• You can explain to the child that the commercials on TV are one way companies use to let the public know about their product. They make products look very special because they want you to buy their product. Sometimes they may not tell you the whole story about whatever they are trying to sell. It may not always be a wise buying choice if it is not nutritious, costs more than its worth, or other reasons.
  • Perhaps it is time to limit the child’s TV viewing, or, to be more selective in the types of programs that the child watches. There are many educational programs on TV that can present learning experiences.
  • Yes, sometimes you have to give in. It’s times like these that you need to let the child know why you think the food is not what you want your family eating.

To help satisfy your child’s craving for junk food, have some ideas on how you can help them make some special foods at home. The following is one suggestion, which incorporates fresh fruits and is fun and easy to make:

Fruity Freeze

1 large ripe banana
1 teaspoon lemon juice
6 medium strawberries
1/4 cup frozen unsweetened apple juice concentrate

Child can peel the banana and slice into a small bowl. Drizzle lemon juice over banana and toss lightly so all banana pieces are covered. This will help prevent them from turning brown. Cover with plastic wrap and freeze.

Wash strawberries thoroughly in cold water that has a drop or two of vinegar. Using a plastic knife, children can help hull strawberries by cutting off the bloom end, and cutting each berry in half.

In a blender, add strawberries and banana slices. Turn blender on and off briefly to chop up the fruit. Add apple juice and process until smooth. Pour into small sauce or dessert dishes and serve immediately. Makes 4 servings.

Here’s to you and your family’s good health,

Lee Jackson

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From Kitchen to Classroom to Book Writing

Greetings to all!

Hi! I’m Lee Jackson jumping in here after Chef Crombie left. I hope I don’t disappoint! He has some big shoes that I want to fill but it won’t be easy.

I just wanted to tell you a little of my background. I was a family and consumer sciences (home economics) teacher in the middle school and high school for over 20 years. I taught subjects such as foods and nutrition, clothing and design, child development, housing and environment – all subjects that still interest me and ones I continue to find fulfilling.

Way back before I started teaching, I enjoyed recipe clipping, trying new dishes, and in general, trying to find myself in the kitchen. This is stuff, I see now, I’m still trying to do and still like to do.

Somewhere along the way, growing apples, eating apples, finding recipes for apples, and anything “apple” really appealed to me. So much so that I wrote my first cookbook, “From the Apple Orchard – Recipes for Apple Lovers“, which is one of our most popular books.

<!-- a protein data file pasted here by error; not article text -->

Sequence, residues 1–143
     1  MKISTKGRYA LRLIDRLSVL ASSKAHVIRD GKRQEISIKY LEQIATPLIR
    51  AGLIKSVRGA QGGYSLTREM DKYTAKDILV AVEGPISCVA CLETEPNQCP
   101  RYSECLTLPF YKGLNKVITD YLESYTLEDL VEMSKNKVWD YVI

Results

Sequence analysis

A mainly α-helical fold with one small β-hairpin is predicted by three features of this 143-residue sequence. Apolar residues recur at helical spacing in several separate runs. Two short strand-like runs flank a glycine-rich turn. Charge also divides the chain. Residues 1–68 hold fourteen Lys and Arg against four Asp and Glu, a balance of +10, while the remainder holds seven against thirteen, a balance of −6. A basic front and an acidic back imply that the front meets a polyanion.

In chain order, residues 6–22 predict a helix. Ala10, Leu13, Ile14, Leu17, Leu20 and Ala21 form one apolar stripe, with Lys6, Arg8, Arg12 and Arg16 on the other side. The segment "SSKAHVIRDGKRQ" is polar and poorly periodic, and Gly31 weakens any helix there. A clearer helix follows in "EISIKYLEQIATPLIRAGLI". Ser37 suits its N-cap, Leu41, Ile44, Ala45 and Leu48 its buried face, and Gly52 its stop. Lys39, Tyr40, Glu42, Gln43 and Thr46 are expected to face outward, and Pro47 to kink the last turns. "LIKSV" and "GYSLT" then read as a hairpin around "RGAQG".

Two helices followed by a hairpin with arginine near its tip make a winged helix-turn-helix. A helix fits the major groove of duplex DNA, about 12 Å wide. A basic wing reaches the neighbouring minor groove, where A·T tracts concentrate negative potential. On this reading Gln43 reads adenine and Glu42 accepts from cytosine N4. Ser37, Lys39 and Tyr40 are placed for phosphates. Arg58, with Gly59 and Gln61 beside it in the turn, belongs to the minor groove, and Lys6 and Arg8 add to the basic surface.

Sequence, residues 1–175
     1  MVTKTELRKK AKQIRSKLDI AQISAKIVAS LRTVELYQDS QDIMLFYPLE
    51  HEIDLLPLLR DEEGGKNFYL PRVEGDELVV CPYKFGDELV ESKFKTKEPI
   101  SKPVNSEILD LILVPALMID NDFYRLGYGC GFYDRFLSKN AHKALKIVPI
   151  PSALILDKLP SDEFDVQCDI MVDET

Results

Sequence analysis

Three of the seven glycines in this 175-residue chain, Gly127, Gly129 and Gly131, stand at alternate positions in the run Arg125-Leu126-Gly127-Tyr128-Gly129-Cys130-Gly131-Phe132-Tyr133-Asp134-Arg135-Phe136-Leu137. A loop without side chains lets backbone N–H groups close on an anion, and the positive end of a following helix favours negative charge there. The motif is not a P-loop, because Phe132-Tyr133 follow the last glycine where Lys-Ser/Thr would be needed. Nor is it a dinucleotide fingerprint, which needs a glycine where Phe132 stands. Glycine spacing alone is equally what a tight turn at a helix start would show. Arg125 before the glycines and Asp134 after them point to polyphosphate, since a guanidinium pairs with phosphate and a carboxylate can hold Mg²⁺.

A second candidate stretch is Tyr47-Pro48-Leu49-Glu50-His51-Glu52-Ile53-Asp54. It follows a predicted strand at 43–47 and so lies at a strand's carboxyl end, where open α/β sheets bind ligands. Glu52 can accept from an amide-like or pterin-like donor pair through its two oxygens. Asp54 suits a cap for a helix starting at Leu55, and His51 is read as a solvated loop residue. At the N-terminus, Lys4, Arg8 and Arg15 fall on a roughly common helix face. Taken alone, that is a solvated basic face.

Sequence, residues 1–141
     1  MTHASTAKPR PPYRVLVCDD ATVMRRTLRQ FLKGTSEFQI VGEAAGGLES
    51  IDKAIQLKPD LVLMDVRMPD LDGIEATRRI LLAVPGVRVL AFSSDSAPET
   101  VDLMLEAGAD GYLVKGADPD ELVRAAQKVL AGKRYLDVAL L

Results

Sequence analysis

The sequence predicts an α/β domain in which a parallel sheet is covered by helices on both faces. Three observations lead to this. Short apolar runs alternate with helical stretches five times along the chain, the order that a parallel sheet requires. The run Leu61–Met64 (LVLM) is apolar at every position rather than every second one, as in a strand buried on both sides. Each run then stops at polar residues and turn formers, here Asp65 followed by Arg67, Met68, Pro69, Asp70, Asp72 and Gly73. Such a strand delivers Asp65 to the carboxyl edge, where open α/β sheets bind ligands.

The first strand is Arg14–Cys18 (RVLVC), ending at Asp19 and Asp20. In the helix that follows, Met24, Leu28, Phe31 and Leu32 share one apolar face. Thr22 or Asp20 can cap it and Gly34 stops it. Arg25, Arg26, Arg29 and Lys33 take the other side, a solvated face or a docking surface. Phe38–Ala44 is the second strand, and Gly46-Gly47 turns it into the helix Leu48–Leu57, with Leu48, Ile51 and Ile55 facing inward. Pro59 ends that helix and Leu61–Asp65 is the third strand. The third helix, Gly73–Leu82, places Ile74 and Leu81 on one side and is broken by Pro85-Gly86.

One good thing leads to another, and I asked orchards and apple cider houses to send me their best recipes and a little information about their apple business. This resulted in another cookbook: “Apples, Apples Everywhere – Favorite Recipes From America’s Orchards”.

There was a textbook sprinkled in amongst teaching and some of this. It is “Careers in Focus: Family and Consumer Sciences. High schools, Junior colleges, and, I understand, some colleges use this in their curriculums. I took a year’s leave of absence to do this, but by the end of the year I had a good start on an outline. It was a long work in progress, but now, I’m very proud of it.

This blogging is rather new to me, but all media is changing so I figured I needed to keep up with the times.

I have some exciting news about another new children’s cookbook that is coming off the press very soon. But I will leave that for another time. Enough about me, I want to hear from you and about you and about other stuff that we all like to think about – food!

I hope you will come back…

Best to you,

Lee Jackson    flatstan19

(my young friend and I)          

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Graduation and End of School

Everything comes to an end. For many these last days in May are filled with graduation plans and parties and thinking about what the summer, and indeed, the future, will hold for them. These are very festive times as well as bitter sweet times when the joy of the present can turn into feelings of “What now?”

For those of you in this situation of having your years of study come to an end, I wish you well. May all your hopes and dreams for your future be fulfilled. Though “study”, in some form or another, continues throughout life

My term here on this blog is also coming to an end. I have tried to squeeze in this writing, which I love to do, in between my work with food, which I also love to do. But I am finding that the summer is becoming too crowded with work and too busy. Therefore I must close down one part of what I love, to concentrate on the other.

However, I am delegating my writing blog to my friend and fellow food enthusiast, Lee Jackson. I have known Lee for many years, having worked with her on Amy Houts’  first cookbook, “Cooking Around the Calendar With Kids: Holiday and Regional Food and Fun”.

She is working with Amy on another book and I am sure she will want to tell you all about its progress, from Amy’s initial interest in working with children, to this, her second book in the series.